What the U.S. Can Learn From Australia’s Asset Recycling

Commentary

What the U.S. Can Learn From Australia’s Asset Recycling

Asset recycling can help modernize existing infrastructure, while also giving governments the capital to support a whole new generation of infrastructure.

We hear many pleas for greatly increased investment in U.S. infrastructure. Although federal and state transportation budgets are limited, infrastructure investment funds, as well as pension funds, are ready, willing, and able to make such investments. Their problem is lack of a serious pipeline of projects to invest in. President Obama each year for the last four or five years has proposed that the federal government spend about a billion dollars a year more on infrastructure-but his pleas have been ignored by Congress, given the lack of a dedicated revenue source.

Perhaps it’s time to take a closer look at how Australia is dealing with this subject. As in this country, most infrastructure down under is the responsibility of the individual states, and they have been taking an active role. But Australia’s federal government is giving them an incentive to do even more. The key concept is what the Aussies call “asset recycling.”

What that means is a state government leases (for 50 to 99 years) existing infrastructure assets (airports, seaports, toll roads, electric utilities, transmission grids, etc.) to investment funds and pension funds-and uses the proceeds for new, greenfield infrastructure. Thus, the asset value that is liberated from existing infrastructure is recycled into much-needed new infrastructure. The assets that are leased are ones with healthy user-fee revenue streams, while the projects into which the proceeds are invested are ones without such revenues: transit systems, schools, other public buildings, etc.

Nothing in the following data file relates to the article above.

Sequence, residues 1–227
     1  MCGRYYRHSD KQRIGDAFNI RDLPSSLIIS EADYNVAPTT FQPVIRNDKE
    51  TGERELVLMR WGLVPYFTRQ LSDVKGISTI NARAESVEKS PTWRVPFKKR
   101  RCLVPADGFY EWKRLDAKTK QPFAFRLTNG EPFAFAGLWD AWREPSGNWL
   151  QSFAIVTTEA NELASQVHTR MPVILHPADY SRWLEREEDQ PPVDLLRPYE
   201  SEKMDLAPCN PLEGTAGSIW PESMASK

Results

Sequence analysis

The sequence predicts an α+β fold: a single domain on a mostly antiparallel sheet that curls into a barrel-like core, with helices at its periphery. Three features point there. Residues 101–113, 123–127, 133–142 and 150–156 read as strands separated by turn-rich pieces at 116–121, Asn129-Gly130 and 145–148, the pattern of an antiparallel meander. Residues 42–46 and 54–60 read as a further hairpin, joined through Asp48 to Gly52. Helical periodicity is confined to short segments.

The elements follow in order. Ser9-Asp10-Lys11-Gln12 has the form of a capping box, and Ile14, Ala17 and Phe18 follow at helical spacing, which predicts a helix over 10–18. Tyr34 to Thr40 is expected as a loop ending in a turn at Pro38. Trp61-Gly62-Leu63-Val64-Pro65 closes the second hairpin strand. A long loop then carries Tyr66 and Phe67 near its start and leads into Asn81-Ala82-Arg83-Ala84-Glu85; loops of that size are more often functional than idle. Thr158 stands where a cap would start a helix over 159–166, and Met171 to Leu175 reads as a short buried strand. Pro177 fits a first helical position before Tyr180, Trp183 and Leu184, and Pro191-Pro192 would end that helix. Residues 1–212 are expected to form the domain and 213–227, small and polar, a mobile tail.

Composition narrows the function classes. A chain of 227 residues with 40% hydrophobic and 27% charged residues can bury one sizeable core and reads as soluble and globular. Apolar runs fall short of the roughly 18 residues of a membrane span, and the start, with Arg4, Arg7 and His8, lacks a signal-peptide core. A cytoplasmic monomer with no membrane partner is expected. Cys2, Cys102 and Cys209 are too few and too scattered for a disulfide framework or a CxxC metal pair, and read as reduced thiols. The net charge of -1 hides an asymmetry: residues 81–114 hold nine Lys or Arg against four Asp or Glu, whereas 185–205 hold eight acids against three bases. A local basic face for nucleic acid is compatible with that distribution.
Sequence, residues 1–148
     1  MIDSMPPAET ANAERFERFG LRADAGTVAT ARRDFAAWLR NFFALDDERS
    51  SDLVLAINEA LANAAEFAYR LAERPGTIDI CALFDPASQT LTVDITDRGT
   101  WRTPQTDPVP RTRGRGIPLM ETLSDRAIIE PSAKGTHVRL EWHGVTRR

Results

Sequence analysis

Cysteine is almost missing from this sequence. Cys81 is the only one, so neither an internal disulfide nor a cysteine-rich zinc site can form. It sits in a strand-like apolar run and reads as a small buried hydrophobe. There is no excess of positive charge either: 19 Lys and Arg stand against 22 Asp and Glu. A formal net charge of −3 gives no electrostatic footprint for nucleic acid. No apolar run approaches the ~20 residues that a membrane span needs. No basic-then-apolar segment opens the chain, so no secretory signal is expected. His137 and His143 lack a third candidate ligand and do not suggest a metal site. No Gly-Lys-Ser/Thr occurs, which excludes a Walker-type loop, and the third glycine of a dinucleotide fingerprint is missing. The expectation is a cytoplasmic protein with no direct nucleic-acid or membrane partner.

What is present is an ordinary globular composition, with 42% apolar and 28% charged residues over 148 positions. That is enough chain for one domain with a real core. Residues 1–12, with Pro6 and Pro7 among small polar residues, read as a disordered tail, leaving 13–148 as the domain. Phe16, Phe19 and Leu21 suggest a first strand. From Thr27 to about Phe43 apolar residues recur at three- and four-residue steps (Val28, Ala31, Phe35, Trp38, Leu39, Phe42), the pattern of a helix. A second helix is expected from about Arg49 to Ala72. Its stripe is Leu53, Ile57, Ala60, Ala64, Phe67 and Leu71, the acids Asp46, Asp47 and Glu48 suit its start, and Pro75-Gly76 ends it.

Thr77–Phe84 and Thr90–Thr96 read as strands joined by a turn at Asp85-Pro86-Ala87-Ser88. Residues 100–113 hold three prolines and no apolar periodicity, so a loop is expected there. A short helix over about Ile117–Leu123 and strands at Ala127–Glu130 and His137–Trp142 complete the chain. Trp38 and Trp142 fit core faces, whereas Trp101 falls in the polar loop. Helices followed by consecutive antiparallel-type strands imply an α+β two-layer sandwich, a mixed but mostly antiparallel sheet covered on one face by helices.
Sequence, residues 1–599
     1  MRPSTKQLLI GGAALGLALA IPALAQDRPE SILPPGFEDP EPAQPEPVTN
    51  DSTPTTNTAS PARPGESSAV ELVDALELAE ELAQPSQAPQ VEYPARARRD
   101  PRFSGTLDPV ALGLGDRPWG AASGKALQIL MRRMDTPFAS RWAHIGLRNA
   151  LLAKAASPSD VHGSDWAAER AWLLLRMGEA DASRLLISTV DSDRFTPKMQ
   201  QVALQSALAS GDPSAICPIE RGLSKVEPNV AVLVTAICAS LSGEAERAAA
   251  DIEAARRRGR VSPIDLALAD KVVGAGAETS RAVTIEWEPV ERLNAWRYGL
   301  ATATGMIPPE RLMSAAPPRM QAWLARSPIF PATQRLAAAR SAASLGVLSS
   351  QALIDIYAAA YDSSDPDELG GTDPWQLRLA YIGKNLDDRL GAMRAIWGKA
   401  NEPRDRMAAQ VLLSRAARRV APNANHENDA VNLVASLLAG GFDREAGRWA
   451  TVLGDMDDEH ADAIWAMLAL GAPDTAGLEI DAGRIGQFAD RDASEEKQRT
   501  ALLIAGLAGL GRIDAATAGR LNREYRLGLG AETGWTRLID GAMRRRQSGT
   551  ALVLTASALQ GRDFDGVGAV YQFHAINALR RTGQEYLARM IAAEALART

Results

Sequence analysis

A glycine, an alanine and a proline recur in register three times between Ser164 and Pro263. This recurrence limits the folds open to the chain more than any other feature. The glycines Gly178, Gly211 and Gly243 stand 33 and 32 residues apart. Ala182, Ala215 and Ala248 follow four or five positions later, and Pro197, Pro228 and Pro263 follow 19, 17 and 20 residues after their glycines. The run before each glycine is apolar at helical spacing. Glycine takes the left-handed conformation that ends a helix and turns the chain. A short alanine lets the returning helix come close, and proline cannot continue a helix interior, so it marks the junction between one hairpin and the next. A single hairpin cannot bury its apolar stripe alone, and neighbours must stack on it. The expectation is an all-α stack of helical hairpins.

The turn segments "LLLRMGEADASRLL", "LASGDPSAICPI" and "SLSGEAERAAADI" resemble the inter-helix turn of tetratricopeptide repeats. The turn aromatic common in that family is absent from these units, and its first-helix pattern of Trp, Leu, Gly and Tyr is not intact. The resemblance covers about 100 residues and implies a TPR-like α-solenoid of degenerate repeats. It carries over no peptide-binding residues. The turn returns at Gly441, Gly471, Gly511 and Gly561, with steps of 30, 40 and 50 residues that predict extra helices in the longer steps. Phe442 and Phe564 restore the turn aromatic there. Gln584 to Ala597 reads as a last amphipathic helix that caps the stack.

The current wave of asset recycling began in April 2013 with the 99-year lease of Sydney’s Port Kembla and Port Botany for $3.48 billion. After paying off outstanding port bonds, the net proceeds of nearly $3 billion were invested in the New South Wales (NSW) government’s infrastructure fund. Last year NSW leased electricity distributor TransGrid for over $7 billion, generating a net of $4.8 billion. Asset leases upcoming this year include the Port of Melbourne, transmission networks AusGrid and Endeavour Energy, and several other big-ticket items.

Since it views such asset recycling as sound policy, Australia’s federal government has agreed to chip in 15 percent of the budget for greenfield infrastructure projects funded by a state government’s recycled asset proceeds.

John Schmidt of Chicago law firm Mayer Brown has been a lone voice calling for a U.S. adaptation of asset recycling, as a way to jump-start more public-private partnership (P3) infrastructure deals, both greenfield and brownfield. Pension funds and many infrastructure investment funds generally prefer lower-risk brownfield assets with well-established revenue streams. But under current federal tax law, when such an asset is leased via a P3 concession, the existing tax-exempt bonds must be paid off-and the transaction financed with taxable debt. Especially when interest rates return to more normal levels, the interest rate difference imposes a significant “tax” on doing such deals.